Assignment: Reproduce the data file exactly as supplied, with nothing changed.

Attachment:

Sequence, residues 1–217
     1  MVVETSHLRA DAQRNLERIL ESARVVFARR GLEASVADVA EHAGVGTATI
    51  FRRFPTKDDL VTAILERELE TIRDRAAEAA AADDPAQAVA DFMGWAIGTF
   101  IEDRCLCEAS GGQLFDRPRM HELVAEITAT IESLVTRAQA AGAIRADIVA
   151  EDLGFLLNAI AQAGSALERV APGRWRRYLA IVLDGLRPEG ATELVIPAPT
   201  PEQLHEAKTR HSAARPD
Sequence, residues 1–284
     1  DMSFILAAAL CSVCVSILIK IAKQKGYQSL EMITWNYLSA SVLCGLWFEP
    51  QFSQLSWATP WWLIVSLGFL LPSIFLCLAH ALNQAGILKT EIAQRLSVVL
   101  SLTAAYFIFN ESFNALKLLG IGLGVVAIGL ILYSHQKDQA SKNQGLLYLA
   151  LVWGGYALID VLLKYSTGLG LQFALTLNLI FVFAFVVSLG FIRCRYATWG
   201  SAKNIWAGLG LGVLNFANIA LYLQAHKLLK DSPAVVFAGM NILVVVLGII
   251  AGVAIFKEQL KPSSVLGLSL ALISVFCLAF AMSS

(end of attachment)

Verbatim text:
Sequence, residues 1–217
     1  MVVETSHLRA DAQRNLERIL ESARVVFARR GLEASVADVA EHAGVGTATI
    51  FRRFPTKDDL VTAILERELE TIRDRAAEAA AADDPAQAVA DFMGWAIGTF
   101  IEDRCLCEAS GGQLFDRPRM HELVAEITAT IESLVTRAQA AGAIRADIVA
   151  EDLGFLLNAI AQAGSALERV APGRWRRYLA IVLDGLRPEG ATELVIPAPT
   201  PEQLHEAKTR HSAARPD
Sequence, residues 1–284
     1  DMSFILAAAL CSVCVSILIK IAKQKGYQSL EMITWNYLSA SVLCGLWFEP
    51  QFSQLSWATP WWLIVSLGFL LPSIFLCLAH ALNQAGILKT EIAQRLSVVL
   101  SLTAAYFIFN ESFNALKLLG IGLGVVAIGL ILYSHQKDQA SKNQGLLYLA
   151  LVWGGYALID VLLKYSTGLG LQFALTLNLI FVFAFVVSLG FIRCRYATWG
   201  SAKNIWAGLG LGVLNFANIA LYLQAHKLLK DSPAVVFAGM NILVVVLGII
   251  AGVAIFKEQL KPSSVLGLSL ALISVFCLAF AMSS